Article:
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North Carolina Shipbuilding Company was a shipyard in Wilmington, North Carolina, created as part of the U.S. Government's Emergency Shipbuilding Program in the early days of World War II. From 1941 through 1946, the company built 243 ships in all, beginning with the Liberty ship SS Zebulon B. Vance, and including 54 ships of the US Navy. Most of the latter were attack cargo ships (AKA), amphibious force flagships (AGC) and ammunition ships (AE). A list of all 54 Navy ships appears at the end of this article, as does a link to a detailed record of all ships built by the company.


The company’s history began in 1940, when the U.S. government saw the acute need to build a large fleet of Merchant ships, both to fulfill commitments to the British and, if The United Kingdom fell, to strengthen its position for war. The Maritime Commission decided to allow established shipyards to build new facilities and operate them for the government. Newport News Shipbuilding and Drydock Company agreed to build a shipyard in Wilmington, adequate to deliver 25 Liberty ships by March 15, 1943. The new company was organized with Newport News executives at its head.


A location about three miles (5 km) south of Wilmington on the east bank of the Cape Fear River was selected, and a tract of 56.9 acres (230,000 m2) was purchased. It was considered an ideal site with the physical properties of deep fresh water, ample space, adequate feeder railroads and good climate. In addition, it was convenient to the parent company and had a large, high quality labor force close by. Construction of a yard with six shipways began on February 3, 1941. On March 18, the Maritime Commission announced that the first contract, for 25 Liberty ships, had been awarded to the company. Shipbuilding got underway with the first two keels being laid on May 22. As world tensions increased, the order for ships was increased from 25 to 37, all to be completed by March 1943. Twenty-four acres of additional land were acquired and three more shipways were added. Work proceeded rapidly, and the first Liberty ship was launched on December 6, 1941, just hours before the attack on Pearl Harbor.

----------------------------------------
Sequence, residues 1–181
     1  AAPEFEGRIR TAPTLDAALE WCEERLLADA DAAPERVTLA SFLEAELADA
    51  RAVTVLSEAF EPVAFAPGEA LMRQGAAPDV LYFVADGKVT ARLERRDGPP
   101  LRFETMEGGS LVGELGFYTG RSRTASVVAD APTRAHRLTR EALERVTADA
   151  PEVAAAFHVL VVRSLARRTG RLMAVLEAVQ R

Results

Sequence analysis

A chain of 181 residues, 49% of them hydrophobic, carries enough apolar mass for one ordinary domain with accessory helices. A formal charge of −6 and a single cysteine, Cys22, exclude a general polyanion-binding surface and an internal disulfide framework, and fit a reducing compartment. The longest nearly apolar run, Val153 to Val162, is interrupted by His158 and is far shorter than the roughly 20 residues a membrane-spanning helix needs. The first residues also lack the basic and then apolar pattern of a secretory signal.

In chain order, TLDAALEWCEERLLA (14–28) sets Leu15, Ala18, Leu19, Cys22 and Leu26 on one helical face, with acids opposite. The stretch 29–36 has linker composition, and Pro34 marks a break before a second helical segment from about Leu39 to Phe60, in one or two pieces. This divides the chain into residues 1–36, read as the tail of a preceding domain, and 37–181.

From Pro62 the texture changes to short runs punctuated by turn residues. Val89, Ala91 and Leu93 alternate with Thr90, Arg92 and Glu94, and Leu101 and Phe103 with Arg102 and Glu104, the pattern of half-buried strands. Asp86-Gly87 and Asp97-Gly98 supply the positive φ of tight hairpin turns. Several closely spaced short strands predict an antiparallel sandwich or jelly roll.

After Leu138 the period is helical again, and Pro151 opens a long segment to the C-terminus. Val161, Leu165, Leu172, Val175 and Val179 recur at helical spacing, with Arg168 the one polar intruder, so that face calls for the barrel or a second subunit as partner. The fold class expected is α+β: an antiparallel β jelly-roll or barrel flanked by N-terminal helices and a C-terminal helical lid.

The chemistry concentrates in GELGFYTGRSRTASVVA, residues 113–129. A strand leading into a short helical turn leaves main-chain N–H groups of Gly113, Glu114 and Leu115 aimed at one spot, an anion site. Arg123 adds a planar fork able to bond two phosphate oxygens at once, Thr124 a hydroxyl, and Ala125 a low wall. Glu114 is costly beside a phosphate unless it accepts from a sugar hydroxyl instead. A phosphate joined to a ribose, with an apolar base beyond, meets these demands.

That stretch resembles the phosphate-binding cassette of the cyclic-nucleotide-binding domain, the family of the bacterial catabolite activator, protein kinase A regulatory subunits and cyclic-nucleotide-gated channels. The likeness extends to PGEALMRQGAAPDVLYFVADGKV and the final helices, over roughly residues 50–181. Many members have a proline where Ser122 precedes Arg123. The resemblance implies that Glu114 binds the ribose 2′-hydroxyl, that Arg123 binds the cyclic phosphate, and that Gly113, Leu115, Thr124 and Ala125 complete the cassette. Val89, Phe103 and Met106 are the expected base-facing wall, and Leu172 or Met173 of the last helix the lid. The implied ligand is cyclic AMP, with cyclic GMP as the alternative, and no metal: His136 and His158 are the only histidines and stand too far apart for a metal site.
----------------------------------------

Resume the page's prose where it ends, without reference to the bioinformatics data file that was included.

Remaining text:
The war enormously increased the nation’s shipbuilding program, and in early 1942 the company accepted a contract for 53 additional Liberty ships, to be completed by January 29, 1944. Eighty more acres were purchased, and more large buildings were built. Fifty-one vessels were completed in 1942, and by the contract completion date of the original 25 in March, 1943, seventy-three ships had been delivered. Eventually, 126 Liberty ships were built at the yard. As the war progressed, the company was offered a contract for 60 larger ships, to be completed by the end of 1944. In the spring of 1944, the Navy ordered 24 new ships of type AKA, to be delivered by the end of the year. Additional orders followed.

The peak building activity came in May 1943, when 11 vessels were delivered from the company’s nine shipways. At the end, the yard covered 160 acres (0.65 km2) and had nine shipways, three piers, and 1,000 feet (300 m) of mooring bulkheads. There were 5,822 feet (1,775 m) of waterfront, over five miles (8 km) of paved roadway, nineteen miles (30 km) of railroad track, and 67 cranes.

Employment reached its peak of 21,000 in 1943. During the war, 6,813 employees of the company terminated to enter the Armed Forces and Merchant Marine. Of that number, at least 33 made the supreme sacrifice for their country.

During its five years of production, the yard produced 126 Libertys and 117 larger ships, for a total of 243. Twenty-eight of them were lost in the war: 23 to enemy action, four scuttled to form part of the breakwater used during the Normandy invasion, and one ammunition ship that exploded in the Pacific. The others remained in commercial or Navy service, many of them until the early 1970s.

Collectively, the company’s employees won every award of the United States Maritime Commission. They took pride in the fact that in five years, thousands of willing but non-professional shipbuilders built a modern plant, solved the problems of training, changing requirements, and manpower drains, and built ships of a quality recognized throughout the world. On May 1, 1946, the president of the company wrote "We have accomplished our tasks and may forget the hardships and headaches in connection with it and enjoy the feeling that it has been a job well done. The combination of a few Newport News shipbuilders and a good supply of intelligent, willing North Carolina men and women has accomplished the task. We shall never have to apologize for the way it was done."

After the war, the yard was held in reserve as a stand-by yard until the 1950s, when it was liquidated. Today it is the site of a North Carolina state port.

U.S. Navy Ships Built at North Carolina Shipbuilding CompanyEdit

External linksEdit


  • Five Years of North Carolina Shipbuilding, 1946, by North Carolina Shipbuilding Company
  • Ships for Victory: A History of Shipbuilding under the U.S. Maritime Commission in World War II, by Frederic C. Lane ISBN 0-8018-6752-5
  • The Wilmington Shipyard: Welding a Fleet for Victory in World War II, by Ralph Scott ISBN 978-1-59629-210-9

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